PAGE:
Sat, Dec 06, 2008 - Page 1 News List

Thai monarch remains ill, misses birthday ceremony

AP , BANGKOK

A pall of uncertainty hung over normally joyous celebrations of the Thai king’s birthday yesterday after the revered monarch failed to appear for ceremonies because of an illness that has shocked a nation reeling from political turmoil.

The ailing, 81-year-old King Bhumibol Adulyadej was scheduled to take part in a birthday ceremony at the Grand Palace’s throne hall but it was canceled because of an illness that also prevented him from delivering his annual birthday speech on Thursday, local media said.

The much-revered constitutional monarch has been a cornerstone of stability, stepping in to defuse political crises and halt bloodshed during his six decades on the throne.

Many Thais had been eagerly awaiting his address in hopes it might point a way out of political turbulence that in the past two weeks has included a seven-day seizure of Bangkok’s two airports by protesters and the ouster of the government.

Early yesterday, hundreds of Thais gathered on a field outside the ornate, walled palace to give alms to 282 Buddhist monks as a way of conveying their best wishes to the king.

“I am worried. I think all Thais are worried. Thailand needs him. He is the only one who can make people on both sides realize they are ruining the country. He is the only one who can unify Thailand,” said Rojana Duangkaew, a 28-year-old pharmacist, shortly after the king sent his son and daughter to represent him at Thursday’s event.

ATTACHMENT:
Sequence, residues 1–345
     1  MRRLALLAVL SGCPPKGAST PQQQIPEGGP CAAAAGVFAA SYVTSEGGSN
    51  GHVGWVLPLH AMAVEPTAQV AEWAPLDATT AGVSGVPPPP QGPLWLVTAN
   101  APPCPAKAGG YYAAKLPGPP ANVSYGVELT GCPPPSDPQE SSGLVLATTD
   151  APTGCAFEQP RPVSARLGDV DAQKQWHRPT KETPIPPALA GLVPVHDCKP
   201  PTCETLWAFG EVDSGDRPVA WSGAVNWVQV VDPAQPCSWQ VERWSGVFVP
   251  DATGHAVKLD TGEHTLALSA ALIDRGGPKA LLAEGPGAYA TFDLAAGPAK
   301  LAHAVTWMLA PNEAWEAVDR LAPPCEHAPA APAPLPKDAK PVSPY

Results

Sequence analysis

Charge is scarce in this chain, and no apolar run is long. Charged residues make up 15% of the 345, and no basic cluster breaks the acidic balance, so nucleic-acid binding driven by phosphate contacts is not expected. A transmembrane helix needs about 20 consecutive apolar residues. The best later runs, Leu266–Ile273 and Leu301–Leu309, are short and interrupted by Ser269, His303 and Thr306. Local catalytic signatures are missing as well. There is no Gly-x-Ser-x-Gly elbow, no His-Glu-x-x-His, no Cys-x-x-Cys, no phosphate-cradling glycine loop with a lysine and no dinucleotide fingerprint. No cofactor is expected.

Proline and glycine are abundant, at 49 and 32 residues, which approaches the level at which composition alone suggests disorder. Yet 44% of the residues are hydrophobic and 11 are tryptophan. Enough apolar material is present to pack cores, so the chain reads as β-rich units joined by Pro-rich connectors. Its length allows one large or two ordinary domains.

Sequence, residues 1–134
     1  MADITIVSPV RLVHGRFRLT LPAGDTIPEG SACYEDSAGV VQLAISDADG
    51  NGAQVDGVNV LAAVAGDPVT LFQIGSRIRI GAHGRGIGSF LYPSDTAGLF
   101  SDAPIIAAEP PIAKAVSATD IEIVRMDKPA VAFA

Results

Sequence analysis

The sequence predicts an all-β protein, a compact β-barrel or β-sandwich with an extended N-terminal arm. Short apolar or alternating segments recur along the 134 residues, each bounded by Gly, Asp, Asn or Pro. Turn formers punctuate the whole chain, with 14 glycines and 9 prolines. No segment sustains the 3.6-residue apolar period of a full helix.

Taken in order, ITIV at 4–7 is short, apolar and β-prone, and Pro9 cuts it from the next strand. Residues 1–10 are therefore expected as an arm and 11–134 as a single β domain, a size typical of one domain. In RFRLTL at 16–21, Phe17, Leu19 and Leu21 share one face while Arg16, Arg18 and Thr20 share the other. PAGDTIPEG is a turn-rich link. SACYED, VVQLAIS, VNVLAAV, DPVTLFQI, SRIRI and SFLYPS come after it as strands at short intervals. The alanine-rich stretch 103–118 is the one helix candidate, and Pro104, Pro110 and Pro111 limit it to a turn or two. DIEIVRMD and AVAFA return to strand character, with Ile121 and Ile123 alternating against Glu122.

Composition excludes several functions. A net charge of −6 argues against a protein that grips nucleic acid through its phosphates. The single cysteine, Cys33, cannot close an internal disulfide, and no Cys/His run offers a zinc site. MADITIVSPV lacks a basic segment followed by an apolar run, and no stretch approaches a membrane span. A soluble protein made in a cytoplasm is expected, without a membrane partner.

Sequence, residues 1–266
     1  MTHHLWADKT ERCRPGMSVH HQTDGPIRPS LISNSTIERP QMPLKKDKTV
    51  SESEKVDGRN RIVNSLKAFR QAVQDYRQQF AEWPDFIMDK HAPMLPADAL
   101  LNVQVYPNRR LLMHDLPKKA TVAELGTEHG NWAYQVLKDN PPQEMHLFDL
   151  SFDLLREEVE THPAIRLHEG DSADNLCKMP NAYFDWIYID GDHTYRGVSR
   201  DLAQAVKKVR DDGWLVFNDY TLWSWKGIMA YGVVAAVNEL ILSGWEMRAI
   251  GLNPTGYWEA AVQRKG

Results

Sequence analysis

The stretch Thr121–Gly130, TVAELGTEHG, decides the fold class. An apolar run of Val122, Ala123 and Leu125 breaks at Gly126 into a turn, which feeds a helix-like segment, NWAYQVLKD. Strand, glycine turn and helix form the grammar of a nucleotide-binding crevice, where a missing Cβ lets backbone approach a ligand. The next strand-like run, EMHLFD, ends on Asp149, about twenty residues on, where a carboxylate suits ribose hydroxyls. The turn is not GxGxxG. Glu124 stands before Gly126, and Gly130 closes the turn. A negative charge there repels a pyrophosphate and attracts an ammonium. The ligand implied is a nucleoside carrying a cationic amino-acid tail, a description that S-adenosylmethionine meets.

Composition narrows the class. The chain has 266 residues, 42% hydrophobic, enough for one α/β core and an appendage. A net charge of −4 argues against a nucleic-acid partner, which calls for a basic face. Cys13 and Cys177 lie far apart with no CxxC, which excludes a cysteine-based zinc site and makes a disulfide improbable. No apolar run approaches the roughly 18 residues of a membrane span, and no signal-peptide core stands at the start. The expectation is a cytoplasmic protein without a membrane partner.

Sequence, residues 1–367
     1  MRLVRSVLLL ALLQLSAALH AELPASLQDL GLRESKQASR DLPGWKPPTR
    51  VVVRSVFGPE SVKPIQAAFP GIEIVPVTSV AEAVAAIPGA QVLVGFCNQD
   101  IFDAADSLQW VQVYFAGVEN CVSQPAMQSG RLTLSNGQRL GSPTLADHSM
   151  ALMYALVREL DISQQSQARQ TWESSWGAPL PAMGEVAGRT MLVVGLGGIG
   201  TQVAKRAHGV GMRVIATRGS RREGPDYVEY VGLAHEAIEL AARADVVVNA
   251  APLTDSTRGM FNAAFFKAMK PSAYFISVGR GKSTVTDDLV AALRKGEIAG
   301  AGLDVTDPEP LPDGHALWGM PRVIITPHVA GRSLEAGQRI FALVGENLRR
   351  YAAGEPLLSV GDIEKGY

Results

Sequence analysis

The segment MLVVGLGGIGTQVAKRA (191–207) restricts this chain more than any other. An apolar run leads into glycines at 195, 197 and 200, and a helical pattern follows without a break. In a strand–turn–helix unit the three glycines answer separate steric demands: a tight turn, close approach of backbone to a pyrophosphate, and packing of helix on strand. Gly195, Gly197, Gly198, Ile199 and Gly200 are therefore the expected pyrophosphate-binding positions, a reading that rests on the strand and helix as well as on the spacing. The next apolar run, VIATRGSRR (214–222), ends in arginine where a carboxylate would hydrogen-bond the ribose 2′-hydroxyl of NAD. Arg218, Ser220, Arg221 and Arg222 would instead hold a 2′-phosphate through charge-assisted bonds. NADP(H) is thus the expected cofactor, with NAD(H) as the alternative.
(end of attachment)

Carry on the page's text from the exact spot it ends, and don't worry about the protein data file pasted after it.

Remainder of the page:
Princess Sirindhorn said the king was weak and suffering from bronchitis and inflammation of the esophagus but that his “condition is not serious.”

The king’s last public appearance was on Wednesday when he looked haggard while inspecting royal troops. He spoke briefly, reading hoarsely from a text, and seemed barely able to keep his head up.

Last year, the king was hospitalized for more than three weeks for symptoms of a stroke and a colon infection. He also has a history of heart trouble.

The question of royal succession has long weighed heavily on Thai politics, and ordinary Thais, but probably never more than now.

Although a constitutional monarch, Bhumibol built up his great power through decades of work on behalf of the poor, charisma and political astuteness.

His 56-year-old son, Prince Vajiralongkorn, has nowhere near the king’s talents, stature or moral authority. There is concern that Vajiralongkorn, who has married three times and fathered seven children, will have difficulty living up to Bhumibol’s record of diligence.

Sirindhorn, 53, who could technically also succeed her father, is talented and highly popular but said to lack political savvy. There is also almost no historical precedent for a woman becoming the country’s ruler.

The royal crisis could not have come at worse time for Thailand, as it struggles to recover from an anti-government campaign by the People’s Alliance for Democracy.

It started with mass protests in late 2005 to oust then prime minister Thaksin Shinawatra, who was removed in a 2006 military coup amid accusations of gross corruption and attempting to undermine the monarchy. The coup is widely believed to have been backed by the palace.

Thaksin’s supporters won elections last December. But the protest alliance rejected the outcome, saying the new government was a proxy for Thaksin, and began another round of agitation that culminated with the seizure of Bangkok’s two airports.

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